Public servants could breach tough new social media rules if they criticise the government by "liking" posts on Facebook or Twitter or by sharing negative information or comments in private emails.
The public sector union and Labor have called a new social media guidance released by the Australian Public Service Commission on Monday "overreach", warning government employees should be allowed to participate in normal democratic debate.
The Greens said the move was like something from US President Donald Trump's playbook, saying they'd seek to block any changes.
The new rules warn public servants don't have unlimited rights of free speech, including warning against breaches of the Public Service Code of Conduct through criticising departments, the government and opposition or through expressing negative views on government policies.
Liking, reposting and sharing social media content or even selecting Facebook's "angry face" icon could breach employment conditions, while not taking sensible action about objectionable material posted by someone else could be seen as endorsement.
The rules ban anonymous posts criticising the government, including using a pseudonym, reminding public servants they can be traced through their digital footprint or via a "dob-in" to their department.
They call for nuanced and thoughtful language, instead of blunt or inflammatory comments. Criticism of any person, including current or former colleagues, could breach rules requiring respect and courtesy and could be seen as harassment.
Public servants also face disciplinary action over content sent in private emails.
"There's nothing to stop your friend taking a screenshot of that email, including your personal details, and sending it to other people or posting it all over the internet," the guidance says.
"In fact, there's nothing to stop your friend from forwarding your email directly to your employer and reporting your behaviour."
Public servants are required to follow official channels to raise concerns about department or government activity, and have been told criticism of other departments could hurt their future job applications.
Public servants posting on social media after work hours is no different, and posting from privately-owned devices is still against the rules.
"Criticising your Minister, or the Prime Minister, is just as risky as criticising your agency," the guidance says.
"Equally, criticising your shadow Minister, the leader of the Opposition, or the relevant spokesperson from minor parties, is also likely to raise concerns about your impartiality and to undermine the integrity and reputation of your agency and the APS generally.
"The speed and reach of online communication means that material posted online is available immediately to a wide audience. It can be difficult to delete and may be replicated endlessly. It may be sent to, or seen by, people the author never intended or expected would see it."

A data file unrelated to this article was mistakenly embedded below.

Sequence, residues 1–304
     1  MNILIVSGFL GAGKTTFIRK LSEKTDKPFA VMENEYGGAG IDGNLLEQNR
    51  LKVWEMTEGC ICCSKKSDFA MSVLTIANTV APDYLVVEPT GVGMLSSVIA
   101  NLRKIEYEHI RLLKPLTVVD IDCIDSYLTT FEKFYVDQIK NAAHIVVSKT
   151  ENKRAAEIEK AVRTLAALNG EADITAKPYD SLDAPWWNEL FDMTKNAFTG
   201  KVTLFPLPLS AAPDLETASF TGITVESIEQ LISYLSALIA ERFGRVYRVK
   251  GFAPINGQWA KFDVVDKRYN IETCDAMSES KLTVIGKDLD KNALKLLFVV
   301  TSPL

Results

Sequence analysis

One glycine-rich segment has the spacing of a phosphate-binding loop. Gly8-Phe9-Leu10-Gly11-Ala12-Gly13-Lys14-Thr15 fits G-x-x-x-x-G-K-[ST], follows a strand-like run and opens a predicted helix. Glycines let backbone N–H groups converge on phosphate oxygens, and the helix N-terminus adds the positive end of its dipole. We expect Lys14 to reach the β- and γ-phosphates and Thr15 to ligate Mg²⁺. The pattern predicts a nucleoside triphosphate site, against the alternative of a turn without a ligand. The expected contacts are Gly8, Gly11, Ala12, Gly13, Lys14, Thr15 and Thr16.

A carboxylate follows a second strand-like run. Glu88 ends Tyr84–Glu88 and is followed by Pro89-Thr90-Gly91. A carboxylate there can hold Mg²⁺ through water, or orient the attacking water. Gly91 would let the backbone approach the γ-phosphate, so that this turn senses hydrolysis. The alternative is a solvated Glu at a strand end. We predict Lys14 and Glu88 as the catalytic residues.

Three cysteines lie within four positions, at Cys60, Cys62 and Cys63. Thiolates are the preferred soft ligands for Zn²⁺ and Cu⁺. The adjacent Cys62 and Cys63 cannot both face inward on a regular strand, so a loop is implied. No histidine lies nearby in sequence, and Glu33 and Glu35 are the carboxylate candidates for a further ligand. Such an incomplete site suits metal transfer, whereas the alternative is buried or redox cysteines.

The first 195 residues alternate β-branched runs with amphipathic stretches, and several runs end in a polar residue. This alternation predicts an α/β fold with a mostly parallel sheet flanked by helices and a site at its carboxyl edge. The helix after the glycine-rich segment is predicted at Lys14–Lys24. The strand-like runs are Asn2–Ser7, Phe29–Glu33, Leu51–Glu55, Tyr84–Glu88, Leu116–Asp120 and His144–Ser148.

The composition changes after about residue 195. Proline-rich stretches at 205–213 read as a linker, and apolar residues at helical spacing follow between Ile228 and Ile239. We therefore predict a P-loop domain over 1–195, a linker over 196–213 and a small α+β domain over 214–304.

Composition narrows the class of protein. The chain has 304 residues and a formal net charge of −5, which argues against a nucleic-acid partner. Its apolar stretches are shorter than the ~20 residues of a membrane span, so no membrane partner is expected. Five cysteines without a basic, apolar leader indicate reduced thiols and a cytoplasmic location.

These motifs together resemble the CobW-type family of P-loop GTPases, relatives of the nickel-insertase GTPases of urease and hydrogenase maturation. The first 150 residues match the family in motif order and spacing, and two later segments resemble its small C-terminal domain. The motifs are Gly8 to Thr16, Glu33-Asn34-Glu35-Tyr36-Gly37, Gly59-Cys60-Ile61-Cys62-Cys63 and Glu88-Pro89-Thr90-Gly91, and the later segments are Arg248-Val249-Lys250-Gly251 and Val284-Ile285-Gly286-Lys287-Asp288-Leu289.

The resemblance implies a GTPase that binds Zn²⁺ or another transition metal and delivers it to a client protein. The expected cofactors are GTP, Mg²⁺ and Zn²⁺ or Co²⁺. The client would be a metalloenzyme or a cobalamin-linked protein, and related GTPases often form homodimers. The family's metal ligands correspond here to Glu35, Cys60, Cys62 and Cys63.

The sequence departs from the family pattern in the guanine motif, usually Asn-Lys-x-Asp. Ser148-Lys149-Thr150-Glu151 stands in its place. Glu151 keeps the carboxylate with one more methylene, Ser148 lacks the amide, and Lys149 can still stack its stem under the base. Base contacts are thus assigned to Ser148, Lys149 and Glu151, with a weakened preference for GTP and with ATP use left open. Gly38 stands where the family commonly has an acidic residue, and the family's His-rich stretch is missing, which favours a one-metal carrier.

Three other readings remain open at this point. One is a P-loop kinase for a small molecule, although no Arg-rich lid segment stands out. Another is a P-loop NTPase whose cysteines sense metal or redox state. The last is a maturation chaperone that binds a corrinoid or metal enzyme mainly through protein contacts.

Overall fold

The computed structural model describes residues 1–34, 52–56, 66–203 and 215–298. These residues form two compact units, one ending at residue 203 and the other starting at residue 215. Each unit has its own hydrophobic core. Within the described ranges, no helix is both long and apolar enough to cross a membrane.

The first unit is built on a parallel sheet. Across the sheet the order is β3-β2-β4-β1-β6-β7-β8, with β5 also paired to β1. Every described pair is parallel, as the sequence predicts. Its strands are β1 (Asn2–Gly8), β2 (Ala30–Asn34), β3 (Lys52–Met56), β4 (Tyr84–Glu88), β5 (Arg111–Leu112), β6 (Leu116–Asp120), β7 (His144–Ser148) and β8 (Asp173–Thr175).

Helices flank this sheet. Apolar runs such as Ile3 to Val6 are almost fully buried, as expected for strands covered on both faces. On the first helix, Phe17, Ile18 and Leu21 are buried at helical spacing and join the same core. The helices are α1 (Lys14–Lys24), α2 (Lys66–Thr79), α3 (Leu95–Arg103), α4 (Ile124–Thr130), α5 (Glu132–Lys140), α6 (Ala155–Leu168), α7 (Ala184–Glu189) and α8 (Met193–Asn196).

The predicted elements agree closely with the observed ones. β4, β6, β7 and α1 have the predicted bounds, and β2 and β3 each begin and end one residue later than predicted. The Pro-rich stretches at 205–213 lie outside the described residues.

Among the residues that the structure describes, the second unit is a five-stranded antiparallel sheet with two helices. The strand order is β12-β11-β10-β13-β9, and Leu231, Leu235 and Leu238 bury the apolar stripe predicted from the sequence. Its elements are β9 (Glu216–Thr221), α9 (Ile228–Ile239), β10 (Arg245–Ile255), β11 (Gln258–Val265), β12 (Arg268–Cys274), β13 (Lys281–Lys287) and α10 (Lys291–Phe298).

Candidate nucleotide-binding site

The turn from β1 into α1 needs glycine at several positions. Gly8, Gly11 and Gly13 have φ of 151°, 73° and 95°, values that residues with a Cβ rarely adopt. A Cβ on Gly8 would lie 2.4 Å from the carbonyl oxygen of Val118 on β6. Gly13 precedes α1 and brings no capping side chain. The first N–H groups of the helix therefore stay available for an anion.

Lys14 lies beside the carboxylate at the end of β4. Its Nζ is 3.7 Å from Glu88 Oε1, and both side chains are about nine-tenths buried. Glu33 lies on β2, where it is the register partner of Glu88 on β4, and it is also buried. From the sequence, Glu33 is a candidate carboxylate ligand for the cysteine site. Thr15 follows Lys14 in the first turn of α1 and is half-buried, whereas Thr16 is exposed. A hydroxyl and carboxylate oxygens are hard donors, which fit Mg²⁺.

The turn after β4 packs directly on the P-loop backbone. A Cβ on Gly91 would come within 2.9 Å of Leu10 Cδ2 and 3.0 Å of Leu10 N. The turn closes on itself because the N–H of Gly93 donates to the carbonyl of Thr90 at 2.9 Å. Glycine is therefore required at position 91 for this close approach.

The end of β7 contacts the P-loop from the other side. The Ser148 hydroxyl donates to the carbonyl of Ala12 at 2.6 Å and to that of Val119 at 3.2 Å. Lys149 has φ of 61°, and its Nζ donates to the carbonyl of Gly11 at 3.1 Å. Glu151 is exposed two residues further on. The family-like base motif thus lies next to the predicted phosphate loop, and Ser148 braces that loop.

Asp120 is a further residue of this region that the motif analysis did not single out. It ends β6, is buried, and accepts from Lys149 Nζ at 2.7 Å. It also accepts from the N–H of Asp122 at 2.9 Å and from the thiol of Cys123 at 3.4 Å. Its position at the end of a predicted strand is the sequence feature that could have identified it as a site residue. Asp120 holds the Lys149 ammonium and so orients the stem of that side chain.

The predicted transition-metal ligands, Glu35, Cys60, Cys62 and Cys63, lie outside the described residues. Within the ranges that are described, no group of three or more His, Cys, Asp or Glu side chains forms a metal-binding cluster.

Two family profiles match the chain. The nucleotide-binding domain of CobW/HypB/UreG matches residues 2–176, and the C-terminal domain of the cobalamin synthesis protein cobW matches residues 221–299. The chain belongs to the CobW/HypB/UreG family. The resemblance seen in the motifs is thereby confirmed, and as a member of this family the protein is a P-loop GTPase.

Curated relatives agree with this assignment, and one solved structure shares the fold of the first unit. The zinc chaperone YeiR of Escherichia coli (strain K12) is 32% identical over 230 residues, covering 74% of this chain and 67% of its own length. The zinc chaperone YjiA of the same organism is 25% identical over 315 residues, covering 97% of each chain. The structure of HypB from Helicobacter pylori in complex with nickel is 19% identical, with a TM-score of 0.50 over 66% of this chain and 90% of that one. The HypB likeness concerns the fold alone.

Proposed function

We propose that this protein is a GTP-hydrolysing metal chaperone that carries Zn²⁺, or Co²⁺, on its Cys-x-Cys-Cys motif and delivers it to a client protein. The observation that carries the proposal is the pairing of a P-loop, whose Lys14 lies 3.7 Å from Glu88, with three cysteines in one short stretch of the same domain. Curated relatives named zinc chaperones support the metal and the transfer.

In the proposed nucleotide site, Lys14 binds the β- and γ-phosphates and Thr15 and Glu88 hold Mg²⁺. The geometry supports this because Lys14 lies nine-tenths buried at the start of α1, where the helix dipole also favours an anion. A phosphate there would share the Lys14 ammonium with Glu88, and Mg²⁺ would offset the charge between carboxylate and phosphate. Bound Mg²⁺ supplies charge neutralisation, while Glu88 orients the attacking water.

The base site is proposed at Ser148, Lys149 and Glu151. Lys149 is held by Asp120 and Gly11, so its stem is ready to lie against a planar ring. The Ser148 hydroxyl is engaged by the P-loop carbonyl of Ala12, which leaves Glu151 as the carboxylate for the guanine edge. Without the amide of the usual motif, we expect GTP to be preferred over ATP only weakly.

Public servants are reminded to include a disclaimer on their social media profiles to distance their views from their employer, but these moves might not prevent a breach of their employment if they publish "material that is vehemently anti-government".
Community and Public Sector Union national secretary Nadine Flood said the new rules don't strike the right balance between protecting the impartiality of the public service and allowing everyday participation in democratic debate.
"Commonwealth public sector staff work hard to serve the Australian community, but they are also citizens," she said.
"Government acts in every area of life and that's why the situation isn't the same as what it would be for someone working in the private sector. This policy is at the extreme end even on that scale."
Ms Flood said it was unreasonable for a worker to face disciplinary action over a private email or 'liking' a social media post.
"There's a certain irony that John Lloyd, who has been highly political in his time as APS Commissioner, won't even let the rest of the 155,000 people working in the public sector 'like' something on Facebook if he doesn't like it," she said.
Greens employment spokesperson Adam Bandt MP likened the guidance to something from the Trump White House.
"If anyone challenges Trump, they get fired. Malcolm Turnbull, in his desperation to hang onto power, is trying to do the same," he said.
"Holding public servants responsible for what others post on their page is the stuff of the thought police. Your job shouldn't be in danger because someone shares a post on your page about marriage equality or action on climate change and you don't delete it.
"The Greens will be requesting more information on the implementation of this policy and will explore ways to ensure it is never enacted."
Fenner MP Andrew Leigh said Treasurer Scott Morrison would fail the test, after his Twitter account liked a July tweet calling for better resourcing of the Tax Office.
"These rules don't pass the virtual pub test. It's absurd to think that a public servant could face formal disciplinary action just because they click 'like' on Facebook or Twitter," Dr Leigh said.